function of the pressure and the temperature 4,6 Viscosity and Density Viscosity of carbon dioxide as a function of its density at different temperatures. This confirms that viscosity of a fluid , subcritical, critical or supercritical depends essentially on its density but depends little on the temperature alone. 4 Diffusivity SC CO2 has values that are more typical of gases than those of the liquid state

Increased diffusivity of an SCF as compared to those of liquid, results in high mass transfer rates Self-diffusion coefficient of SC CO2 is 1-2 orders of magnitude greater than those of dissolved substances in the usual solvents Later stages of SCF extraction are governed by diffusion-controlled process therefore controlled by mass transfer 3, 7

Diffusion Coefficients 7 Sample Matrix Influences Particle size and shape Surface area and porosity Moisture content Changes in morphology Sample size Extractable levels 2 Advantages Green Chemistry Can use MS, FID, UV (particularly PDA in packed columns), ESLD

Can use gradients of CO , modifiers, density, pressure, 2 temperature With modifiers, can analyze a wide range of analytes Can be used for analytical and preparative separations All three parameters-pressure, temperature, modifier contentcan independently or cooperatively control retention CO is cheap, non-toxic, non-flammable, transmits in the UV, 2 readily available, and a gas at room temperature Much less use of organic solvents-good for EPA and storage/disposal of such solvents CO use as a solvent protects lipid samples against oxidative 2 degradation. 1-2, 8-10 Disadvantages

Cost-both of equipment and training to operate machine Programming required to optimize results Equipment must be able to handle very high pressures/temperatures Cannot use refractive index detection because of high back pressure required by SFE Polar analytes are comparatively difficult to separate than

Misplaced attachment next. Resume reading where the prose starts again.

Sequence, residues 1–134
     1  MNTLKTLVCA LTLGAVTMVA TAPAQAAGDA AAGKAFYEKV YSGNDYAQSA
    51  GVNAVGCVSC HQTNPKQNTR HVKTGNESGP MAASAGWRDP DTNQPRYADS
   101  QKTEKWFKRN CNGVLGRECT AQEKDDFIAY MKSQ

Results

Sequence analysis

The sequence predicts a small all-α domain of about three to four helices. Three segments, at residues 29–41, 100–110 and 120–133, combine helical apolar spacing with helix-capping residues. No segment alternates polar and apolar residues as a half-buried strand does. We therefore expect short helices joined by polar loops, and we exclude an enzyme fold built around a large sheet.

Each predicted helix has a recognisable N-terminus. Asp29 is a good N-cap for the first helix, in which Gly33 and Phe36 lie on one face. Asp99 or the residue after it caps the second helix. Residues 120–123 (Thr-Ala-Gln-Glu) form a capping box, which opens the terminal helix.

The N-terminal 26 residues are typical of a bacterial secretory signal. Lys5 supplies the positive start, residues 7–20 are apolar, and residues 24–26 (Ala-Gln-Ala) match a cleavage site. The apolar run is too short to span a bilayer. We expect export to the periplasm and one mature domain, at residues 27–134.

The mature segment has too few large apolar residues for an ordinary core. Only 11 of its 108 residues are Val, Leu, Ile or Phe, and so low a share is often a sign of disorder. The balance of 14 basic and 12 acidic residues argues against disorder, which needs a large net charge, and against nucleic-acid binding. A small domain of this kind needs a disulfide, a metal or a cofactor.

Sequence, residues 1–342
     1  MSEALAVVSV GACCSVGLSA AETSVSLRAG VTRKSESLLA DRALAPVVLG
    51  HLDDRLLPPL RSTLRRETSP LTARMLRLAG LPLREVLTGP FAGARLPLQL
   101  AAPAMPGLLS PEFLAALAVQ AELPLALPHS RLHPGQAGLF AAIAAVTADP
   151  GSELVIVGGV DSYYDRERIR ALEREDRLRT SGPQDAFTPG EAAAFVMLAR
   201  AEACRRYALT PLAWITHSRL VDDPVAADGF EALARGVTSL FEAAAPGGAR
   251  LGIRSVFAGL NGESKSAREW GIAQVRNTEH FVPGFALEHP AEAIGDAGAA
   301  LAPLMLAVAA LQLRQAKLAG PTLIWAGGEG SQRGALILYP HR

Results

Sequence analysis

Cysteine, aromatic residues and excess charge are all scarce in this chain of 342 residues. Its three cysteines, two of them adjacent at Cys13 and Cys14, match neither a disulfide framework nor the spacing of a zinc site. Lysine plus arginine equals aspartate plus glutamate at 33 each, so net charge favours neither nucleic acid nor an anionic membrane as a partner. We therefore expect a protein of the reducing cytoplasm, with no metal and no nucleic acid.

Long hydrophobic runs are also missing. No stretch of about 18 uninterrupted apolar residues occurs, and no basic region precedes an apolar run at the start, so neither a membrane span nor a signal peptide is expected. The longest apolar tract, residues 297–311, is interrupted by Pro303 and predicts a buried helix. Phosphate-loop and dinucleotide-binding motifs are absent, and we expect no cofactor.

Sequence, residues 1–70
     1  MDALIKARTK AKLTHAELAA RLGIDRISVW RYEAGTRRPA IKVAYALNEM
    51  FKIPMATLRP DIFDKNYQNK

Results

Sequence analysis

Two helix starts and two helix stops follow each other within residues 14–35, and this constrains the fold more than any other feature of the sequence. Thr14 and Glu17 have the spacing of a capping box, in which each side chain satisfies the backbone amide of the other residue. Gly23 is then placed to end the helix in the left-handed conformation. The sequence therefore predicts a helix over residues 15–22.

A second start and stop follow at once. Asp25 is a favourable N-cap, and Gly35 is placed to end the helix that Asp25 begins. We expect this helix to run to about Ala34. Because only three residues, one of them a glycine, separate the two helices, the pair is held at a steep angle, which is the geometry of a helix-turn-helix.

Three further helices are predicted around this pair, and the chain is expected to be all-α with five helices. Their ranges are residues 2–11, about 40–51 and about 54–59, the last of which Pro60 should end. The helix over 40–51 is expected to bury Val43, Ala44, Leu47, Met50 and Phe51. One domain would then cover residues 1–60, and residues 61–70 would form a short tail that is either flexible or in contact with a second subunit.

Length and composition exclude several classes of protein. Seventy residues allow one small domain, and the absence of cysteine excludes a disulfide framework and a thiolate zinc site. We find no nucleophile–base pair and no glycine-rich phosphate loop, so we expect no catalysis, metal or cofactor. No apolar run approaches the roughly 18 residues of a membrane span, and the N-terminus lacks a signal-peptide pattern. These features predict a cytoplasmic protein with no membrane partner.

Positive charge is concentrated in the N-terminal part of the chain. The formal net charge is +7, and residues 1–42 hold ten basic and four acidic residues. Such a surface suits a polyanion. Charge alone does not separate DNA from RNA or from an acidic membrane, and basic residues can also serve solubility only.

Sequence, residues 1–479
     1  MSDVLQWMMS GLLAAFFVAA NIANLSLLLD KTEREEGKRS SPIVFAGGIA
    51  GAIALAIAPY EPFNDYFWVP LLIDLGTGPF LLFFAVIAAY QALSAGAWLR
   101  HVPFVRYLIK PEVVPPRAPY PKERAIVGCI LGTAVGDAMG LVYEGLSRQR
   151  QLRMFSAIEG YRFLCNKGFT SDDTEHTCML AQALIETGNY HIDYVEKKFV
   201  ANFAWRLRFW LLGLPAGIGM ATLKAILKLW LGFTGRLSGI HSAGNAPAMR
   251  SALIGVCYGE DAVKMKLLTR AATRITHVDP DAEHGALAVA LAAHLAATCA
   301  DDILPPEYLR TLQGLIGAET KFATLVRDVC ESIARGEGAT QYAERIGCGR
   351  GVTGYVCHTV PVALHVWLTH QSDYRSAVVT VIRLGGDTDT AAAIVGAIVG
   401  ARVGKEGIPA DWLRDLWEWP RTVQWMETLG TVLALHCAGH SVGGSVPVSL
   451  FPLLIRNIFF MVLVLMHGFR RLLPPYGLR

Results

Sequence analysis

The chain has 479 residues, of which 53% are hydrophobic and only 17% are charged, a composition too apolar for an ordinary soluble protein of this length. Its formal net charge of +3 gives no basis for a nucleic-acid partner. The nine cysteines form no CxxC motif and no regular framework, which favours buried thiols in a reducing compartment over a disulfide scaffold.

non-polar analytes unless a modifier is used, making the process less green Due to temperature/pressure/green requirement limits, CO 2 is the only really practical supercritical fluid solvent SFE is not generally selective enough to isolate specific analytes from the matrix without further clean-up/resolution from co-extracted species 1-2, 8-10 Applications

Chiral separations most successful application in SFE (including analyte and preparative separations, has been around longest) Extraction of caffeine from coffee beans, tea leaves Metals recovery from solids/liquids Food toxicology and ecotoxicology Solvent removal and new drug delivery formulations (used as an anti-solvent) Natural pesticides De-nicotinization of tobacco Food preservatives Herbal medicines Isolation of natural products

2, 8-10 Applications (1) Supercritical CO2 extraction of Eucalyptus leaves oil Advantages: Extracted a wide range of components-not only volatile oils but high molecular weight compounds. 1,8-cineole (primary desired extract) content was 46.19% Extraction only took 60 minutes, compared to Soxhlet (8 hours) or hydrodistillation (5 hours) Did not have degradation of water sensitive compounds in oil due to partial hydrolysis No solvent residue present in finished product 8